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Firewalls - an overview 29 October 1998
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A firewall is a fireproof wall to prevent spread of fire.  Some examples of firewalls most people know about are:
  • between the engine and passenger compartments of a vehicle
  • between the walls of two attached buildings
  • between a house and an attached garage

In computing terms, a firewall protects a computer system from unauthorized access and/or attack.  If your computer is always attached to the Internet, a firewall is a good idea.  Even if you dial up only occasionally, it may still be a wise investment.

In this article, I will talk about about packet filtering firewalls.   This is a firewall where each incoming packet is examined and compared against a set of rules.  The packet is either allowed to pass or it is blocked.  There is another type of firewall which is a proxy firewall where new requests are created instead of allowing the original packet to pass.  In both cases, a set of rules is established which defines which packets are permitted and which are not.

I will show you how to install two firewall packages:

  • ipfw - supplied with FreeBSD
  • IP Filter - written by Darren Reed
Who needs a firewall?
It is important to note that a firewall does more than just protect against unauthorized access.  It also provides some protection against attack.  If you've ever been on IRC, you've probably heard about nuking.  A good firewall should prevent such attacks.  NOTE: you cant winnuke FreeBSD, but if you're also running a Windows machine, a firewall can stop winnukes.  From what I understand, most of the nuke programs deal specifically with Microsoft operating systems.
A warning
I am not a security expert.  My area of expertise is in software design, not security.  If you want great security advice, go elsewhere.  This article is merely an introduction.  For more information, start with a list of security publications held by National Institute of Standards and Technology.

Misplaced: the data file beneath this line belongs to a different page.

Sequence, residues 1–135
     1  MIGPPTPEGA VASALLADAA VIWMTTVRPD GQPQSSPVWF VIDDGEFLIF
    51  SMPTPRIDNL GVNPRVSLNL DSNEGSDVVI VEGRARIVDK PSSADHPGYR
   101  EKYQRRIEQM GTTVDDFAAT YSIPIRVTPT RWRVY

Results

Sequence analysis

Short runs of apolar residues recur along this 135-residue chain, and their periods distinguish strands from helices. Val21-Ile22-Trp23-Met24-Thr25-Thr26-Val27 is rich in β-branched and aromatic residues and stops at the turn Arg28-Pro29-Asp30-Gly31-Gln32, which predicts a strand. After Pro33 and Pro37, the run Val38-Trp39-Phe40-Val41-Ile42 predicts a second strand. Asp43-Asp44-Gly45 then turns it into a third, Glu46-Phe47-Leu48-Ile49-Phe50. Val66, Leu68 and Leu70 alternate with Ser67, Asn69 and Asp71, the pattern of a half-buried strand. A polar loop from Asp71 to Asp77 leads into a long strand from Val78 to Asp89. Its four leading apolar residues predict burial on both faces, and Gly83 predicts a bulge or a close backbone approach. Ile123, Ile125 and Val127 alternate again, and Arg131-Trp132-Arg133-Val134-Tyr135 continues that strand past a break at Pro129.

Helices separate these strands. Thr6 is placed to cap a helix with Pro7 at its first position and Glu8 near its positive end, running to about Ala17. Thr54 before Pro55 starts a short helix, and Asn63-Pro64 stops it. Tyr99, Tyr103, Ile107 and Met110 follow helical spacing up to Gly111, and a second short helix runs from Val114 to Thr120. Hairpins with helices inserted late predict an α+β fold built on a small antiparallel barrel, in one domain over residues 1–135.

Assumptions
I will be assuming that you have more than one computer and that you will be using a FreeBSD box as a gateway for the other computers.  Your gateway will connect to your ISP and provide Internet access for your other computers.  In such circumstances, it is common to have some sort of network address translation (NAT).  This is needed because your ISP normally only supplies you with one IP address which must be shared amongst all of your computers.  NAT provides a translation method.

We will be using natd for NAT and ipfw for our firewall.

IP Filter
IP Filter is an extremely robust and commercial-grade application.  If you are running a production box, you should be thinking about IP Filter.   For a home sub-net, I think it is overkill.

IP Filter - an alternative firewall and NAT to ipfw/natd

ipfw/natd
When I first used FreeBSD, I installed natd and ipfw from the start.   That was not because I wanted a firewall, but because I wanted a gateway.  I was pleased with the results, but there are some limitations.

Gateways - installing natd/ipfw, firewall, dual-homed hosts

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